The new technologies impacting the way customers conduct their banking has also impacted the perceptions and expectations customer have for their financial institutions, especially as it relates to in-branch experiences. A recent report from Celent asked customers what sort of branch experience would prompt them to switch banks. Customers responded with: banking associates not equipped to help them (68 percent), long wait lines (55 percent), and impersonal service that shows the bank doesn’t know them or what they need (49 percent).

But, while customers want automation for quick transactions, 77 percent said they preferred face-to-face branch visits for more in-depth topics.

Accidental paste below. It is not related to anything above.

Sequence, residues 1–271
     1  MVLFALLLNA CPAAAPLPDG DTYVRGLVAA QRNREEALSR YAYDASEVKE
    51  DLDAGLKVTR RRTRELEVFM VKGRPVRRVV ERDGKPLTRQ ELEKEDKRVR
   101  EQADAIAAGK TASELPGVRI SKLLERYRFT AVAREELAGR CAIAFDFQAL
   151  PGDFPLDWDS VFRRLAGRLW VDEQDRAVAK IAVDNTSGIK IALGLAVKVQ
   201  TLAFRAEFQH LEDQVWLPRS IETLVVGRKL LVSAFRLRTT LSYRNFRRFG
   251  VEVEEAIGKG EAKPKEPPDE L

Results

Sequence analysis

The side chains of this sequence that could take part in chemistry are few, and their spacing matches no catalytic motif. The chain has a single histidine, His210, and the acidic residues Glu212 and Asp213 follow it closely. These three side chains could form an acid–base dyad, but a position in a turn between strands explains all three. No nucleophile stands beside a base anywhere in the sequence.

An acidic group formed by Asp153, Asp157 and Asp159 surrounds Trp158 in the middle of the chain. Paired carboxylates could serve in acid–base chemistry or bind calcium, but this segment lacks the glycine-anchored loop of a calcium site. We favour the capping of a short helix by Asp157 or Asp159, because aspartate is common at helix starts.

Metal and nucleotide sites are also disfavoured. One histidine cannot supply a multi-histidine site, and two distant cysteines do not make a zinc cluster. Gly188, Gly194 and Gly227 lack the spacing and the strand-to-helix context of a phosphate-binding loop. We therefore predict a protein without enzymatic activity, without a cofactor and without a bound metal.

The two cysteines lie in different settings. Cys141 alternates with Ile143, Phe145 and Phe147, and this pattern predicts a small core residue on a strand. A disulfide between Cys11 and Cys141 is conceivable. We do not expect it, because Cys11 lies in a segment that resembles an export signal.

Achieving the right balance of technology and in-person servicing is a strategic focus of current and future bank leadership. How to approach the evolving role of brick-and-mortar experiences with tech-saavy customers and still provide personalized service is an exciting new challenge that will grow customer loyalty and reduce operational costs. For instance, incorporating transaction fluidity by equipping branch employees with tablets that provide an uninterrupted customer interaction from initial greeting to final close can be implemented by a branch-by-branch transformation strategy. Or, increasing accessibility by positioning Interactive Teller Machines (ITM) in remote locations that act as a “branch-in-a-box”, connecting users with live human bankers and offering services of a traditional branch. But transformations can also come to life with less direct impact to customers. Transformed branches see significant return from an approach that focuses primarily on updating the existing operational technology. Investing in a conversion to upgraded teller capture or image processing systems quickly yields strong efficiency gains and substantial reduction in overall back-office expenses.